Coconuts are a strange and polarizing fruit. You either love them or hate them, but there aren’t many people whose opinion falls in between the two extremes. What’s more, it isn’t likely that coconut haters can be converted into lovers of these hard-shelled oddities.
That is, until now. Because even if you find coconuts unpalatable, their oils contain a special brain fuel that’s hard to find anywhere else. “Medium-chain fatty acids,” a saturated fat also found in breastmilk, is now being shown to have incredible health benefits, especially on the brain.
This Is Your Brain On Coconut Oil
These medium-chain fatty acids, also known as medium-chain triglycerides or MCTs, are broken down differently than other fats. Instead of simply being stashed away, MCTs are converted into ketones. Your brain usually uses glucose for energy, but if this preferred fuel runs out, ketone is what brain cells will turn to next.
This ketone might not be very important for most people, but for those with Alzheimer’s it can be brain-saving. This is because Alzheimer’s patients’ brain cells are insulin resistant and can no longer use glucose as fuel. (Insulin resistance in the brain cells of Alzheimer’s sufferers has led some scientists to call Alzheimer’s “type III diabetes.”)1 Brains of Alzheimer’s patients cease to function like normal brains because they can no longer fuel themselves.
That’s where ketones come in. Brain scans of people with Alzheimer’s have shown that although their cells no longer absorb glucose, they can use ketones.2 One pioneer of using coconut oil to treat Alzheimer’s disease is Mary T. Newport, M.D., who believes the MCTs in the oil drastically improves cognitive function among dementia sufferers.3 Her book, “Alzheimer’s Disease: What If There Was A Cure?” has now been translated into multiple languages and has received significant critical acclaim.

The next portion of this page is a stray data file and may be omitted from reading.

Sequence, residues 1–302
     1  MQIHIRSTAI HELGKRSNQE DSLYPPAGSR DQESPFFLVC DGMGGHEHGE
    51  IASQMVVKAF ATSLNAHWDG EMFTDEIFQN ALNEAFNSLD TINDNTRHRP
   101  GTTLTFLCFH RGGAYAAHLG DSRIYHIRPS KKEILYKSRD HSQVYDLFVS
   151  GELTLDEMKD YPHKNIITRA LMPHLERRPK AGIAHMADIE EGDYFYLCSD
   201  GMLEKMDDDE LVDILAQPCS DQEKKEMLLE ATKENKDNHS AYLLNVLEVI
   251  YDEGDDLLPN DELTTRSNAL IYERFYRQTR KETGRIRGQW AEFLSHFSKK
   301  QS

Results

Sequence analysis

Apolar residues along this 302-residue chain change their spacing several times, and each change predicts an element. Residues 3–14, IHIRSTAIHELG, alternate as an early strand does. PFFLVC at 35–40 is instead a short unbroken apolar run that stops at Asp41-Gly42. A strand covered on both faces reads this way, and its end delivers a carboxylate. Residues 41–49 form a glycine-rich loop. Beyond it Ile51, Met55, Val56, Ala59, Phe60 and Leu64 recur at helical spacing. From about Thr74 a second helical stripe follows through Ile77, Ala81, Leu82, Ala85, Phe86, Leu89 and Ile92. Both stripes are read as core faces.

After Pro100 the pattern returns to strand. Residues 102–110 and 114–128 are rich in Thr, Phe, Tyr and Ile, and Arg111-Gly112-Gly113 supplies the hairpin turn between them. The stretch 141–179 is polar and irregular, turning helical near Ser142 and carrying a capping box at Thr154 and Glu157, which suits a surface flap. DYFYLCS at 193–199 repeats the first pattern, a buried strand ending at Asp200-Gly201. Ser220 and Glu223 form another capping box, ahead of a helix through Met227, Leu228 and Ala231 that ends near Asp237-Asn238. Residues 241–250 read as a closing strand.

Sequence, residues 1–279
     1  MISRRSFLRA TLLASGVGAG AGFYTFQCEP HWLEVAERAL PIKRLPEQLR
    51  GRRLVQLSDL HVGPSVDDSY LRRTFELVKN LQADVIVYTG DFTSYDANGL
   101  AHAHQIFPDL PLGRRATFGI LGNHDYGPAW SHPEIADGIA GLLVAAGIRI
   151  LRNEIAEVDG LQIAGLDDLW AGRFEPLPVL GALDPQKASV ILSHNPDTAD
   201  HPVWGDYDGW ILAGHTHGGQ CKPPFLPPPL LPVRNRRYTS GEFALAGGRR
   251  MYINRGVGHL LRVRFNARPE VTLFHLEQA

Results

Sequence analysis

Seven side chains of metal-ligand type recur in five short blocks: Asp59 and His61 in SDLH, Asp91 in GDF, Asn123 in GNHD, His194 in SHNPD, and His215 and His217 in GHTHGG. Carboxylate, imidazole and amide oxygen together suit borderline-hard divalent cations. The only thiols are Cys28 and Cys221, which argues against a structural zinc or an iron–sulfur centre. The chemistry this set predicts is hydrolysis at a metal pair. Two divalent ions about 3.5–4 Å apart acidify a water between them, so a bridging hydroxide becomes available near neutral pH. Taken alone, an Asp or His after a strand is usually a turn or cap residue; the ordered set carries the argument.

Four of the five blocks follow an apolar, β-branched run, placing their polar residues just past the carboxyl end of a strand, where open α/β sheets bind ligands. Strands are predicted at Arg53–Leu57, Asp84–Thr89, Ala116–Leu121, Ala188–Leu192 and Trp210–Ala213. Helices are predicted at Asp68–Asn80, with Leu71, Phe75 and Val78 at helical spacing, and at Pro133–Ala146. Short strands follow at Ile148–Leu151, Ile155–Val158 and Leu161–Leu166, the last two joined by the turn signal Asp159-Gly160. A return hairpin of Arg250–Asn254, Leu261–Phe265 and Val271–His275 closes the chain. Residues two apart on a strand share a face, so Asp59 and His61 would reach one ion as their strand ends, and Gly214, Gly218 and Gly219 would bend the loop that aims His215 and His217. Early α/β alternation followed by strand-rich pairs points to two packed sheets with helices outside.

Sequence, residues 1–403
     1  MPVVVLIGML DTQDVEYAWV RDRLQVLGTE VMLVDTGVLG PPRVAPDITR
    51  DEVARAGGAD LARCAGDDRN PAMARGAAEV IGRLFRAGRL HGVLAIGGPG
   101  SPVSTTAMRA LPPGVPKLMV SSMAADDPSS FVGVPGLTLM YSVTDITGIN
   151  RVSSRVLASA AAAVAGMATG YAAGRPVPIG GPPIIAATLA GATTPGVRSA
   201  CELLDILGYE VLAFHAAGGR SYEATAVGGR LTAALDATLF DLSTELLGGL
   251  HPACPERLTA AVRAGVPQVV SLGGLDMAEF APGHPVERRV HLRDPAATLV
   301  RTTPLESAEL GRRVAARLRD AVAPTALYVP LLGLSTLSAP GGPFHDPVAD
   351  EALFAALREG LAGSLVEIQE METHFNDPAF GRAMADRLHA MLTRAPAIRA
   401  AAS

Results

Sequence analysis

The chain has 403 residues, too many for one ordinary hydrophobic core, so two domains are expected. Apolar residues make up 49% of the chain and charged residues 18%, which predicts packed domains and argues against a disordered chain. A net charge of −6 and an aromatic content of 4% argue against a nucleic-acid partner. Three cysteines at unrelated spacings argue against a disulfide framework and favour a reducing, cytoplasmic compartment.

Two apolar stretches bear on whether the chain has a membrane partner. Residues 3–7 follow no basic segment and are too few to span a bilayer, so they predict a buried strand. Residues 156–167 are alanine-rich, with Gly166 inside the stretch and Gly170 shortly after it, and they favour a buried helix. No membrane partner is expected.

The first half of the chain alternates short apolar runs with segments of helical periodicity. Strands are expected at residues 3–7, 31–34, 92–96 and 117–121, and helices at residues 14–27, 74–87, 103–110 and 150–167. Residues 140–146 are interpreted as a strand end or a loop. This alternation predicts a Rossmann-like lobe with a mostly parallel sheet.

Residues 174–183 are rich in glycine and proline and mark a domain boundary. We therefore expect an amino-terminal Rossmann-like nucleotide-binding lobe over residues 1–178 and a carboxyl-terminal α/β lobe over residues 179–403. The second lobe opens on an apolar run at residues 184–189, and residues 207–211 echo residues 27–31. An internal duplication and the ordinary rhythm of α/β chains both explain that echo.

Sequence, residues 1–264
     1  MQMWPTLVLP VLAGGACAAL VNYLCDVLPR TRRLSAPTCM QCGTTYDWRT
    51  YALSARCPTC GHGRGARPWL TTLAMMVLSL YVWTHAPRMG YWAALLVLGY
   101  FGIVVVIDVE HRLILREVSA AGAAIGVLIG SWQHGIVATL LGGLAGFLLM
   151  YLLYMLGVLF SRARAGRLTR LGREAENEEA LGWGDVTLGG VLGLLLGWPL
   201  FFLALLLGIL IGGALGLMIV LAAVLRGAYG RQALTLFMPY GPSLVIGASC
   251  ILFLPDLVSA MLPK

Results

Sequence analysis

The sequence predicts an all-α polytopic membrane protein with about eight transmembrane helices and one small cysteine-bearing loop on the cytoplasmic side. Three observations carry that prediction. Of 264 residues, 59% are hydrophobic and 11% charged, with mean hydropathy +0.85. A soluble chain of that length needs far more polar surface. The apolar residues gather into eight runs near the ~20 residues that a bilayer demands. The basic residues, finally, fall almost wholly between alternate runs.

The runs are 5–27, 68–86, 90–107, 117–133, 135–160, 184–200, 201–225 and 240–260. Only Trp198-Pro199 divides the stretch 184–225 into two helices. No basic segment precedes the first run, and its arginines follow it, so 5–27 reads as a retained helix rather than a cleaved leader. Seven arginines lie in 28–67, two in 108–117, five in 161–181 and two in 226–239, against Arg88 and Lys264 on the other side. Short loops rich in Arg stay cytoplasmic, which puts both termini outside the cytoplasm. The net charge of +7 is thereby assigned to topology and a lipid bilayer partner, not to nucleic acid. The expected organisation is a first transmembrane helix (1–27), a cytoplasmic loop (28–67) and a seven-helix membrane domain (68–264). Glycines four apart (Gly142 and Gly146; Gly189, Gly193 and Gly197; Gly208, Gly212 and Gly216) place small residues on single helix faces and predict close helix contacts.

Evidence for the power of coconut oil is building, and it’s already far more than anecdotal. A recent study, conducted in Spain and published in the journal Nutrición Hospitalaria, “demonstrated the positive influence of coconut oil at the cognitive level of patients with Alzheimer’s.”4 Still more studies are underway as awareness of this phenomenon increases in the scientific community.5
How To Choose The Best Coconut Oil
Unfortunately, not all coconut oils are created equal. If you’re ready to try out the power of MCTs, there are a few things you should be aware of. Most importantly, make sure that your coconut oil is “virgin,” meaning that it hasn’t been refined or bleached. As with other natural foods, ensuring you get the unadulterated version is critical. In the process of refining foods, nutrients are often destroyed.
Another thing to check closely is the appearance of the oil itself. You want to make sure that it is clear or white – not yellow – and smells and tastes like coconut. If the oil is odorless, this means it’s probably been overly refined. So you’re looking for the oil that looks, smells, and tastes like it came straight from the coconut itself. A 14-ounce jar of the stuff typically goes for around $10.
Do This Every Morning With Coconut Oil
If you’re the household chef, or just not crazy about downing coconut oil by the spoonful, there are a number of recipes worth trying. For breakfast, try fluffy vegan coconut oil banana muffins.6 Coconut oil roasted sweet potatoes, recently the features dish in the New York Times cooking section, make for an easy to prepare and delicious side.7 And, next time you decide to treat yourself with some ice cream, you can replace the Hershey’s syrup with a coconut-oil based homemade version.8
But to get the best results you should really make a routine to add 1-2 tablespoons of coconut oil to your food, coffee or tea EVERY morning. This will start your day off with fuel for your brain, and who know’s it could even prevent brain issues down the road.